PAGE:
First, I have some idea whether Herman Cain is a clumsy flirter who has some ‘splainin to do with his wife or a man who knows not how to treat a woman.  But my opinion on the matter is irrelevant, unimportant, and pure speculation based largely on the proposition that, if he is the latter, it wouldn’t take one of America’s least respected lawyers (pretty difficult to get under that low bar, I know) to drag one of the many mistreated women in front of the bright lights for a press conference.

But, my curiosity is not stimulated by probing the question of Mr. Cain’s veracity – that would be a waste of my time – some other process will produce the answer to that question in due course.

No, seeing Ms. Bialek in her news conference today triggered this much more interesting question:  Why is she smiling so much?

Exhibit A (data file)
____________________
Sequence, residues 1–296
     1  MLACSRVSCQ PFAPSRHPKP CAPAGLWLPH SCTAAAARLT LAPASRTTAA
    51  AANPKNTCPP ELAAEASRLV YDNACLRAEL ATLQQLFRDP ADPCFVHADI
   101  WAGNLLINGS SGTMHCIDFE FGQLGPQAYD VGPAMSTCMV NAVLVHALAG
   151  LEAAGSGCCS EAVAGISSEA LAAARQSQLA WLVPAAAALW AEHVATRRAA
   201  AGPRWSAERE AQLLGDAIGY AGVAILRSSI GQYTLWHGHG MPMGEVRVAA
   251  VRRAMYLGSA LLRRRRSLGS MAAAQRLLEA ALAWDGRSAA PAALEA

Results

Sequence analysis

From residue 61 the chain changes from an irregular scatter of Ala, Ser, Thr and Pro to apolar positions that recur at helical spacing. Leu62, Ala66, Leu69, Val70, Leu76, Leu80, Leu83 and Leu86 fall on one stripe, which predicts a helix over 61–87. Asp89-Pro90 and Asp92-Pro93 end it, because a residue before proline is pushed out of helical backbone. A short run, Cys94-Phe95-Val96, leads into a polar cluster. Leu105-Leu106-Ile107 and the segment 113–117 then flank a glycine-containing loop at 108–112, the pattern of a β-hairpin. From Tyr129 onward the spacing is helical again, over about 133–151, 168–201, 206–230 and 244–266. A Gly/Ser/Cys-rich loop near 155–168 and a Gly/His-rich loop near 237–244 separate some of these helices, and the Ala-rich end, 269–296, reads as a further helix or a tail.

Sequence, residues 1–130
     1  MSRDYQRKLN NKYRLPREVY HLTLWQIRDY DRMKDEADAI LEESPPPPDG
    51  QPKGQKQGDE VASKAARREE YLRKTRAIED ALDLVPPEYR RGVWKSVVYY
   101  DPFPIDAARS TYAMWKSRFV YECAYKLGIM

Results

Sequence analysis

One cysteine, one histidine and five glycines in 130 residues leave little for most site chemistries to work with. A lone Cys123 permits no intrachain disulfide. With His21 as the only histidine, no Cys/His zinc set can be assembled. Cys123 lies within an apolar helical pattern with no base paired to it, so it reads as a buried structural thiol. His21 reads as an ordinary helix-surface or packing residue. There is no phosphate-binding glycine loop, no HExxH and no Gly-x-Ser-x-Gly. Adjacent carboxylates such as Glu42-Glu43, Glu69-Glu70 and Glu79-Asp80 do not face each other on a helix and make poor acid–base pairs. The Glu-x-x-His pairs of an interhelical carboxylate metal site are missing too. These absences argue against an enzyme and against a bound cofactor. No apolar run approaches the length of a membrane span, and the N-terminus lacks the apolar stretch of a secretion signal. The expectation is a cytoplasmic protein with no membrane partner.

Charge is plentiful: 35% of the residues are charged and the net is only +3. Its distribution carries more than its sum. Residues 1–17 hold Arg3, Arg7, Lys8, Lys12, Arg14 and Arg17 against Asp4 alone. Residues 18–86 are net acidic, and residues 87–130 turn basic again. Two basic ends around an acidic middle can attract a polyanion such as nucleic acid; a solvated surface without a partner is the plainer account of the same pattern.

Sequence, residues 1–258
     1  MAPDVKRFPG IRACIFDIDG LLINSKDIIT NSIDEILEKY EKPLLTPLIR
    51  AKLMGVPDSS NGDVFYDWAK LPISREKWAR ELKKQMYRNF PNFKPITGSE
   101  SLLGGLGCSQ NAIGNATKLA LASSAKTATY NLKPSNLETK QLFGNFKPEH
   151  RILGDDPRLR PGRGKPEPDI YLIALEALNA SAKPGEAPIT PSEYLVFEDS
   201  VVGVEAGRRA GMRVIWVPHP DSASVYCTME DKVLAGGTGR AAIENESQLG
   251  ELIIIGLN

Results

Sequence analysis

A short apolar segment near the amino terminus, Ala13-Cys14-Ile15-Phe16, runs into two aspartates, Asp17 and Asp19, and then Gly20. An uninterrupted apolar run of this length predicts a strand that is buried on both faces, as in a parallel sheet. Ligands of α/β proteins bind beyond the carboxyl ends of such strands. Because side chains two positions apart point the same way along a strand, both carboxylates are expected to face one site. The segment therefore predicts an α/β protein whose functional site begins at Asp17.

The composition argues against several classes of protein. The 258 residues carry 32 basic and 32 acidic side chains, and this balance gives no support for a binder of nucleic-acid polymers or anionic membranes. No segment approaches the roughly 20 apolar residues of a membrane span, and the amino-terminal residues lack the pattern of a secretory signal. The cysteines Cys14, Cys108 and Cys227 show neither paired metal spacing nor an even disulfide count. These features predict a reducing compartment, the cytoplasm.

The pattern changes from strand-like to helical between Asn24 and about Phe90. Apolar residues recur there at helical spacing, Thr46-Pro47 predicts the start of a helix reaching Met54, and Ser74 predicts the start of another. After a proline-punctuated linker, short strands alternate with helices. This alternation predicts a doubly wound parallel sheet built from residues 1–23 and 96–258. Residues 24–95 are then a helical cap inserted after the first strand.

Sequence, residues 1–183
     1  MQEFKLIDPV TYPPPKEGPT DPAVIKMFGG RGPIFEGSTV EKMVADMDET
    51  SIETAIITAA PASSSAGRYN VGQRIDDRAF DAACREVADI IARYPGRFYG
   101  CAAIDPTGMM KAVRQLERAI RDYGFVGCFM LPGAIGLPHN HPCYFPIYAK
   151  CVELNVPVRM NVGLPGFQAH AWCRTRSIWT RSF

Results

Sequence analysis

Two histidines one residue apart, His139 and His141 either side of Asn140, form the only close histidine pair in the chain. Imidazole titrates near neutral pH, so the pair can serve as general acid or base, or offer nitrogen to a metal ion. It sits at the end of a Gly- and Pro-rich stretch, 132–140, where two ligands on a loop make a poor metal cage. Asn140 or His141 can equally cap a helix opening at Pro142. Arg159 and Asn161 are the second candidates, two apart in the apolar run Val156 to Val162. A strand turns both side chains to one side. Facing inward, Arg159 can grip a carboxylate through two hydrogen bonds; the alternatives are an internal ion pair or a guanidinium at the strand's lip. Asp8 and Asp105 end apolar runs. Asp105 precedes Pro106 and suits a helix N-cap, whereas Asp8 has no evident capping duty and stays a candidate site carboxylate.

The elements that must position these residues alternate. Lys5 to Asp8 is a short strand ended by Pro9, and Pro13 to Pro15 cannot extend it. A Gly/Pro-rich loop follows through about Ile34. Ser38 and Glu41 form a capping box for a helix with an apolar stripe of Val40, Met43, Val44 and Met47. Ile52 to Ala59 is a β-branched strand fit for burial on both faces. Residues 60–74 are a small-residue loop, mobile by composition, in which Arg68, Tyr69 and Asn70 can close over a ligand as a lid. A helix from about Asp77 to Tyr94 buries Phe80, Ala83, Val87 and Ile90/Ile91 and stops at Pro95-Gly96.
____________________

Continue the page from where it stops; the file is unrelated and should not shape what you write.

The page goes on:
Well, I guess she has decided to punch her ticket – fame, a book deal, fortune, then easy street and a job hosting a show on MSNBC right after Al Sharpton.  I say, “Cheers and more power to her.  Whatever the market will bear.  C’est la vie in the grande ville” to coin a phrase.

And then, as the evening wore on, I asked myself an even more interesting riddle – Why are the Democrats and their cheerleaders in the news and opinion business so damn happy about these acts that they have determined represent horrendous and despicable acts, even crimes?  How can can these ‘journalists’ choose such a happy, nearly exultant tone when they report [what they have concluded is] a proven crime?  They’re practically having ticker tape parades to celebrate finding evil in our midst.